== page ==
Star Ford

Essays on lots of things since 1989.

Autistic education

This paper summarizes my view of the education of autistic students.

On a recent trip to the library, I read a few dozen scholarly articles and teacher’s manuals related to autistic education. While all of the articles talked about measuring success, not one of them defined success. The unwritten purpose in that literature is to normalize students’ behavior, regardless of whether normalization benefits anyone. If this is how the world is handling autism, then to the extent that we are “successful”, we are breaking down, and spiritually asphyxiating the next generation. Autistic students need a whole different kind of education, as I will show below.

But first, what is school? I don’t accept the myth that schools exist to happily pass on the accumulated wisdom of the ages to serve the next generation. Schooling is compulsory; if it were so desirable, there would be no need to enforce it. Schools are a political battleground in which truth and priorities are contested (not by students) and students are exposed to the version of truth that serves the interests of those in power. Since power is diverse and incompletely centralized in our semi-democratic society, the battle is never won; school is an ongoing laboratory or microcosm that reflects its enclosing political divides. It forms the first rungs of the ladder of social competition, by setting academic, athletic and popularity standards, then constantly testing the contestants and sorting them into levels.

Thus, the modern school is a supremely non-autistic place in its very conception. The self-identification that arises from the results of the sorting process is contrary to the independent cognitive style characteristic of autistics. Autistics are predetermined to lose in a system whose basis is striving to converge on a commonly defined pinnacle of achievement. To make society a place where autistics have equal rights and dignity, our schools have to respect the way we relate to authority and submission, not just coerce us into the standard competitive model.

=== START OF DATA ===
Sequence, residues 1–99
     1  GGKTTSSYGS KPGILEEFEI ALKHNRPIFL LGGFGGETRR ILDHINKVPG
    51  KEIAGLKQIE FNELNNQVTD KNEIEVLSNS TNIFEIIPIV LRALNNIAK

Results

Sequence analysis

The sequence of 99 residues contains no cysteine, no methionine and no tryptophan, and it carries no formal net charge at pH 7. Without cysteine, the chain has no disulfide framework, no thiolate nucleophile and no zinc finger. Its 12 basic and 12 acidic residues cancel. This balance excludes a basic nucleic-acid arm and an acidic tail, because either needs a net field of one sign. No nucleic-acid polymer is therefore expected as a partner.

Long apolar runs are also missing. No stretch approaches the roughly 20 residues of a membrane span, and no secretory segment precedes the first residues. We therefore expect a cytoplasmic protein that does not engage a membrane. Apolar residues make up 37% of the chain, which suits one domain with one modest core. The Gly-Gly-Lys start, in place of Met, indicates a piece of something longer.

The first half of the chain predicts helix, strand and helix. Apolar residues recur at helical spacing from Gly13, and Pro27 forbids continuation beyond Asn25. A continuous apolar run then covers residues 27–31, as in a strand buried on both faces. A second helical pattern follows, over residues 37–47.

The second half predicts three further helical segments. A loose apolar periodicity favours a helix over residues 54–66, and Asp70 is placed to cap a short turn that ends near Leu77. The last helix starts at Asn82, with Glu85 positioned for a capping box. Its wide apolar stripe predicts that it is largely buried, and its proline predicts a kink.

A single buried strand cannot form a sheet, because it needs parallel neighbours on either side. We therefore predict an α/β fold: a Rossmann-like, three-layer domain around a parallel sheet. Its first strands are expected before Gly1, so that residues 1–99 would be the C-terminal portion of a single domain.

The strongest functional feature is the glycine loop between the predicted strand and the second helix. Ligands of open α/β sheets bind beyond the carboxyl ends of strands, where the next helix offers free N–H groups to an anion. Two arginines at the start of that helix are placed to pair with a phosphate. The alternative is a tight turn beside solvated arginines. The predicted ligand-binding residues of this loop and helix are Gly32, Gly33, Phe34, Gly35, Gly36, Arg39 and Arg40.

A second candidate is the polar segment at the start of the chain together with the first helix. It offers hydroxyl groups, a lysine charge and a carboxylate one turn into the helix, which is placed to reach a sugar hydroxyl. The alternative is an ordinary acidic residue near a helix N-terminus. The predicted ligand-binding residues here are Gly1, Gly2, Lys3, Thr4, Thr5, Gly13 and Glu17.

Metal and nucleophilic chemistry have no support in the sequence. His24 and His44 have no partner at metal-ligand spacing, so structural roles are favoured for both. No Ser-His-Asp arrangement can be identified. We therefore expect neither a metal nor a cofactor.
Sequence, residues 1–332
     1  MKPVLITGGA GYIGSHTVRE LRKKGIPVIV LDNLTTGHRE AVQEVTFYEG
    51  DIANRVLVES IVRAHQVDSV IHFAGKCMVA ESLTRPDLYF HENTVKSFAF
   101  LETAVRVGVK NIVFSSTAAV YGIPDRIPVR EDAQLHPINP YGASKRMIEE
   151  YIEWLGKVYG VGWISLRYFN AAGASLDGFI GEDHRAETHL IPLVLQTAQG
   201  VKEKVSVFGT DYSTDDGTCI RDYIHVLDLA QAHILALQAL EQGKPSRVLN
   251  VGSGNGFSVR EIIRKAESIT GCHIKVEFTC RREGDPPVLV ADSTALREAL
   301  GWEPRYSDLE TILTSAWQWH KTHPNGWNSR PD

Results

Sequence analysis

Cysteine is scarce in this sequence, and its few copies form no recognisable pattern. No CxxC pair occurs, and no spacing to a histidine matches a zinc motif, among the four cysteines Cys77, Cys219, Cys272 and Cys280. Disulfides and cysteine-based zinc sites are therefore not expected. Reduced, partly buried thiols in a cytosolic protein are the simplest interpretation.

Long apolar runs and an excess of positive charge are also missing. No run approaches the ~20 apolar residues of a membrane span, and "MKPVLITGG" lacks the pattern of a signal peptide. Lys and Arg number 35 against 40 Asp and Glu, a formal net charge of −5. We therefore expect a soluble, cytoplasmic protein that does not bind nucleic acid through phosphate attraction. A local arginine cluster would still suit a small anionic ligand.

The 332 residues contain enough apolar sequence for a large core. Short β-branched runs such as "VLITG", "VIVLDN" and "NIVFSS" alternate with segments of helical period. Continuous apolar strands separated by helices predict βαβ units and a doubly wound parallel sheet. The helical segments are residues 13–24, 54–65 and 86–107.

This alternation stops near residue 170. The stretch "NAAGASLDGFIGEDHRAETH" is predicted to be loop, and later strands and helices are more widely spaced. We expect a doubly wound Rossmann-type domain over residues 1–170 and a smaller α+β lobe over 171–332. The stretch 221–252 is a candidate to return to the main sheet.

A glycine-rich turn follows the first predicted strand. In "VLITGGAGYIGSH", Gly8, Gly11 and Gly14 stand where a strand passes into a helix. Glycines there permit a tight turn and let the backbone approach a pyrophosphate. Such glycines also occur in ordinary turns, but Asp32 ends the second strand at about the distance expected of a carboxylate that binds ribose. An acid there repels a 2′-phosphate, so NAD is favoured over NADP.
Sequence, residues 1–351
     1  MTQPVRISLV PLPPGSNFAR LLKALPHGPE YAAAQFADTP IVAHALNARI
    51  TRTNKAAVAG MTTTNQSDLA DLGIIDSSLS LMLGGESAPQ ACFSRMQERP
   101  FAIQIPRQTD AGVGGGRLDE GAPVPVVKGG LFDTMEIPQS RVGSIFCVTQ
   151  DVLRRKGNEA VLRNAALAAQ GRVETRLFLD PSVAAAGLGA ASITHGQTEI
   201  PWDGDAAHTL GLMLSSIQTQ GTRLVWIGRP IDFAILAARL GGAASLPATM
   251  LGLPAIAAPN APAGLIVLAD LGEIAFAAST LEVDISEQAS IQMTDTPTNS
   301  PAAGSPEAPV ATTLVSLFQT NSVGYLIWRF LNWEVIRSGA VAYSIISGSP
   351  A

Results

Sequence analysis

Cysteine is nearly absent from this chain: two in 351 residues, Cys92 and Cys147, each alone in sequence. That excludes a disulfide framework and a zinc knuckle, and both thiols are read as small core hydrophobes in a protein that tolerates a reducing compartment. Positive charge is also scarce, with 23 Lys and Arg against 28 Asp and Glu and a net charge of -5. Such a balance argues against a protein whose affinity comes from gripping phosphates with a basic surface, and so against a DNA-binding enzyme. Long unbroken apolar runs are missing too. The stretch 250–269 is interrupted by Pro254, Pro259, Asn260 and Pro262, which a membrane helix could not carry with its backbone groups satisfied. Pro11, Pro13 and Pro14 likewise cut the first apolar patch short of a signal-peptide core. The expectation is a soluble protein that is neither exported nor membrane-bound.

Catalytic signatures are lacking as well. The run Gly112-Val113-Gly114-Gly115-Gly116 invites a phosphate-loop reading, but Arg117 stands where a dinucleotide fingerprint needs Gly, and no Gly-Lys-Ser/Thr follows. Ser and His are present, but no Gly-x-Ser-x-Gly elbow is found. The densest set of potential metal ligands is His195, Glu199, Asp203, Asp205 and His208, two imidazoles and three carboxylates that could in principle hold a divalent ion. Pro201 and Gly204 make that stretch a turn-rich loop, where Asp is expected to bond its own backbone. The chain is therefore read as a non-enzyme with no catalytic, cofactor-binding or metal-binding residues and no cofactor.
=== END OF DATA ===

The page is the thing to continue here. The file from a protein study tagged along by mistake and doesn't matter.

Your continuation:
The purpose of autistic education should be to permit the students to excel in their own particular directions, rather than as measured by a common standard. Facilitating the development of each person’s unique greatness will build a society with adult autistics who contribute at our highest potential. The special role of autistics is to diverge, pull society in many directions, to be outliers, curanderas, shamans, and hermits. Only a few of those outliers will be “great” in the sense of widely recognized contributions, but all can work towards our own potential. Schooling designed for autistics should therefore honor our creative and independent nature, and help us be more fully autistic, rather than less. It should never try to make us imitate convergent people; that will only lead to empty shells of adults who are disabled and ineffective. Read the rest of this entry »

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Getting rid of the Box – comments to DOT

Comments to RITA docket 2009-0005-0001

In addition to research on technology, case studies, and detail strategies and metrics, there also must be some more macroscopic study on waste and stagnation. There have been many attempts to describe the elements of efficient and safe macro urban designs, such as TOD, on-demand transit, integration with bike/pedestrian, coordinated land use, and so on, yet as the decades pass, we are still building primarily auto-exclusive zone-segregated places, driving more and more, and not even coming close to meeting the stated federal goals.

Clearly the way planning is carried out at the federal and state levels cements this technology and policy stagnation. Nearly all studies are scoped, meaning they define what is to be studied – a truism in government, but not a necessity. The scoping creates the box that one is to think inside of. In order to unblock the process, one must think outside the box, and to do that, one must not have a box – that is, no scoping.

Study is needed on how to remove the scoping box from government struture and let flow the natural creativity that is harnessed by the private sector, in order to make it possible to meet any of the goals. This study should include advice on the next congressional transportation authorization.

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